A.V. Club Most Read

News Newswire Great Job, Internet!
TV Club All Reviews What's On Tonight
Video All Video A.V. Undercover A.V. Cocktail Club Film Club
Reviews All Reviews Film TV Music Books
Features All Features TV Club Sponsored Trailer
Sections Film Tv Music Food Comedy Books Games Aux
Our Company About Us Contact Advertise Privacy Policy Careers RSS
Onion Inc. Sites The Onion The A.V. Club ClickHole Onion Studios

Gillian Welch: Soul Journey


Gillian Welch

Album: Soul Journey
Label: Acony

Community Grade (2 Users)

  • A
  • A-
  • B+
  • B
  • B-
  • C+
  • C
  • C-
  • D+
  • D
  • D-
  • F

Your Grade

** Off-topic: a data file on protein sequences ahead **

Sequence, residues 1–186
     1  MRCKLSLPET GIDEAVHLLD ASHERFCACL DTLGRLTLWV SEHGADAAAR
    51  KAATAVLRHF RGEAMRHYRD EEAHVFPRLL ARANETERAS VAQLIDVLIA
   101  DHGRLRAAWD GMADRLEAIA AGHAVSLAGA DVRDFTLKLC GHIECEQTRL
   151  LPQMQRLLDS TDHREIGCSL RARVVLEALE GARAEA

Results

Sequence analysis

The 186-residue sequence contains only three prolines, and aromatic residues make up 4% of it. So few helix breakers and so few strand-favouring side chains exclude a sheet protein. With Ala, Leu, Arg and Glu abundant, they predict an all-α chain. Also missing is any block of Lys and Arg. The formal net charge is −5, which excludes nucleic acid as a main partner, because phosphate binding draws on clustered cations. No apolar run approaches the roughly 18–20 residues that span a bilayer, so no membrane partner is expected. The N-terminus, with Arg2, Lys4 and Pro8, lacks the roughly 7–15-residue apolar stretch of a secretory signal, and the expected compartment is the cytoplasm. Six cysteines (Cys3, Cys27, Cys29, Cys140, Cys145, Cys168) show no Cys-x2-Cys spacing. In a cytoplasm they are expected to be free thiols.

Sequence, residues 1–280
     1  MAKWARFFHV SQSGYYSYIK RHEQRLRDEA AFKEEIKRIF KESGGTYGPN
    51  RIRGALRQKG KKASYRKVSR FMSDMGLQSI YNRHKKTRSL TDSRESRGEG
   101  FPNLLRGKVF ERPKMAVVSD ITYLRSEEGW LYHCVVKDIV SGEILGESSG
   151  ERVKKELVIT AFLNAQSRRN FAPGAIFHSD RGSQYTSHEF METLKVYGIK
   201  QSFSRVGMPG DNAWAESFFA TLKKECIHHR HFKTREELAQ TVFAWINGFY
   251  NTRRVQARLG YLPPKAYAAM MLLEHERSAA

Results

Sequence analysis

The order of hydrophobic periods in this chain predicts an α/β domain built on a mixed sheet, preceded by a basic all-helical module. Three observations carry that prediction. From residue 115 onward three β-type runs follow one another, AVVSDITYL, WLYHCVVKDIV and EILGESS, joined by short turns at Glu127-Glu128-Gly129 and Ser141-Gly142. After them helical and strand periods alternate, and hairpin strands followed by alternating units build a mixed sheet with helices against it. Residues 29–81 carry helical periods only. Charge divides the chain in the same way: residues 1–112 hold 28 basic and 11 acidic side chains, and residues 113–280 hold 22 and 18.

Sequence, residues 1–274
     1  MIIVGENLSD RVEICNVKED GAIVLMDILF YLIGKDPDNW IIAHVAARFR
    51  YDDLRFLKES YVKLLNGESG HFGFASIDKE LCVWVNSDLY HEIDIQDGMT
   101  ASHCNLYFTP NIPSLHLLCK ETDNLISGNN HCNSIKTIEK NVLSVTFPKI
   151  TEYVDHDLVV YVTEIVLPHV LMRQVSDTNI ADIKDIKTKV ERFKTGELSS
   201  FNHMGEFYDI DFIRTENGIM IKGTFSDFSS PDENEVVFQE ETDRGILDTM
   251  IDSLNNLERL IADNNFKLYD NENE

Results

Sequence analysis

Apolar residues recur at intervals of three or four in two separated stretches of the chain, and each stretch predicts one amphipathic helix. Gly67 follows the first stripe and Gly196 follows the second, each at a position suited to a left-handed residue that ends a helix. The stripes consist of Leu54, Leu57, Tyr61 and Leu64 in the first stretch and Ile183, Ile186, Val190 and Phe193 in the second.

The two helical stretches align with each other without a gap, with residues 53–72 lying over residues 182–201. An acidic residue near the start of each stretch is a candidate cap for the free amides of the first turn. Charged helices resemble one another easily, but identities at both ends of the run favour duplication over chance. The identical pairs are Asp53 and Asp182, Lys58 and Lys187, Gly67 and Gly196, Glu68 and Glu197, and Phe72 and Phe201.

Visions of music stardom often encompass excess: stadium tours, millions of units shifted, mobs of fans, placement on magazine covers and billboards. But for many practical veteran performers, the dream entails a happy medium of packed midsized clubs with excellent sound, steady sales on small labels that share royalties, and the sort of modest fame that allows for private walks in the neighborhood and hassle-free grocery-shopping expeditions. After Revival and Hell Among The Yearlings received great reviews and minuscule sales with corporate support, Gillian Welch saw the latter dream come true virtually overnight, thanks to her memorable placement on the godzillion-selling 2000 soundtrack to O Brother, Where Art Thou? With that credential tucked safely away, Welch smartly settled in on a tiny label and began cranking out the sort of sleepers she clearly wants to make: Like 2001's Time (The Revelator), Soul Journey finds her and collaborator David Rawlings making subtly searing front-porch folk-country, often sparing the embellishments for songs that are by turns raw, spare, direct, and achingly pretty. Front-loaded with warm, rustic ballads ("Look At Miss Ohio," "I Had A Real Good Mother And Father," the near-perfect "Make Me A Pallet On Your Floor"), Soul Journey narrows Time's ambitious thematic vision, sticking primarily to songs about love, death, heartbreak, and family. And, aside from the overlong "One Monkey"–which attempts that trickiest of balancing acts, the whimsical dirge, and fails–she doesn't miss a step, even on contemporary-sounding, rock-oriented material like the shambling album-closer "Wrecking Ball." Sounding more confident than ever in her small-scale stardom, Welch looks to be settling in for a few fruitful decades, a prospect that couldn't sound more appealing for everyone involved.